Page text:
An economic look at the alcohol regulation

An economic look at the alcohol regulation

The alcohol regulation passed in Parliament last week drew reactions both from the political angle and from the perspective of freedoms. It was discussed mostly from the viewpoint of “a new intervention in lifestyle.”

When viewed from the perspective of individual rights and freedoms, it is obvious that the new arrangements introduced are far from “protecting youth from harmful substances.” Besides, the article added to the bill at the last moment that restricts the time of alcohol sales was like proof that the arrangement was passed hastily without adequate debate.

Prime Minister Recep Tayyip Erdoğan opposes the introduction of this as a “ban” and especially if this is explained in foreign countries as such, arguing that these were among restrictions practiced in developed countries, moreover that international restrictions were even harsher.

Consequently, he is opposing the dissertations of “intervention in lifestyle.”

It is being forgotten that besides the political side of the business there is also an economic side that requires serious assessment. The harm this arrangement would bring regarding tourism is not talked about much. It looks as if its harm to tourism has been eliminated with last-minute changes, but it is being feared that especially those municipalities that are close to the government will make seriously harmful decisions in the coming term. Even though tourism investors and managers do not raise their voices, they look seriously worried because of this regulation.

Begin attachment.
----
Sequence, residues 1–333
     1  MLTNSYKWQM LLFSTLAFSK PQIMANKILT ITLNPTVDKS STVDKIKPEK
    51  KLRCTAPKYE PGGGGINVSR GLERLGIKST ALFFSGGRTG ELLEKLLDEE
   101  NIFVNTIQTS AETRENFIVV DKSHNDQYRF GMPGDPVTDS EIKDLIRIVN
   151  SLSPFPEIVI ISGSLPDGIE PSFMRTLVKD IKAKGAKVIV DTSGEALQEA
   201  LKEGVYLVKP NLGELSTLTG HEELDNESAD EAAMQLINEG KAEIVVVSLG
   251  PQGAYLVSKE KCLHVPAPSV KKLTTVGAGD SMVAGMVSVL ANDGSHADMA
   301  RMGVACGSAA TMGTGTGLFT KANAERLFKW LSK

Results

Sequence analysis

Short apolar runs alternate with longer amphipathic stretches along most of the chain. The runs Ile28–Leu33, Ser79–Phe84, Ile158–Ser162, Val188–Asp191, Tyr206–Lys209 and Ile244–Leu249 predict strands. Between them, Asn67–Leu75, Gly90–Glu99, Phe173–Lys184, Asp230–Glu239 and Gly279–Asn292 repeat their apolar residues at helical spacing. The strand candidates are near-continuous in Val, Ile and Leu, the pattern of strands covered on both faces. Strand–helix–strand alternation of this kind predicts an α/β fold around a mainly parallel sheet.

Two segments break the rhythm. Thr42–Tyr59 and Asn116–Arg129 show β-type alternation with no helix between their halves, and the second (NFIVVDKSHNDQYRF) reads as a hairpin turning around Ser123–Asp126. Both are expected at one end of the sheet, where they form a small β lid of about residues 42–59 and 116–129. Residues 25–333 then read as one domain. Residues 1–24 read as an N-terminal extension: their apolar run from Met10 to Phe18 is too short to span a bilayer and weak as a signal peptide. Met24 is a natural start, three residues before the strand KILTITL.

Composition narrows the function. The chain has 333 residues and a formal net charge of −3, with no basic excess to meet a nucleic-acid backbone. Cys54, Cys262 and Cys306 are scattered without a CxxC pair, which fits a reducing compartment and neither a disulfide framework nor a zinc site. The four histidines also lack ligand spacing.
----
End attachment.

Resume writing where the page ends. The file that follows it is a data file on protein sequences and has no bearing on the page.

Besides, the bans on advertisements and promotions introduced for alcoholic drink producers will also bring some harm again from the economic point of view. The erosion printed media is suffering because of technological developments, and correspondingly the decrease in advertisement revenue will multiply with this arrangement. It is certain this will be a serious economic blow to the media economy. Also, several sports events and festivals that again have an economic side will obviously be damaged to a huge extent with the restrictions introduced.

Investment environment affected

However, the biggest economic blow the alcohol regulation will have to the economy will, I think, be regarding foreign capital. We know that foreign capital demands a reliable investment environment, where rules are shaped rationally and permanently. It also gives major importance to the protection of vested rights.

There Diageo, which is one of the biggest alcoholic drink producers of the world as well as the company that bought Turkey’s biggest rakı producer, Mey İçki, issued some statements before and after this arrangement. In the company statement issued after the arrangements passed in Parliament, the company said the harms that may be caused by incorrect consumption of alcohol may be tackled with a joint effort of the sector, state and third parties but this was not happening. Diaego said, “While we were buying Mey İçki in 2011, we did not only invest in a company that had strong alcoholic drink brands but also in a country that encouraged foreign investment.”

I think this sentence summarizes the situation from the point of view of foreign capital. In alcohol or any other sector, the investment environment is very important. We should not forget that we are a country that is bound to foreign capital to solve the unemployment and production problems.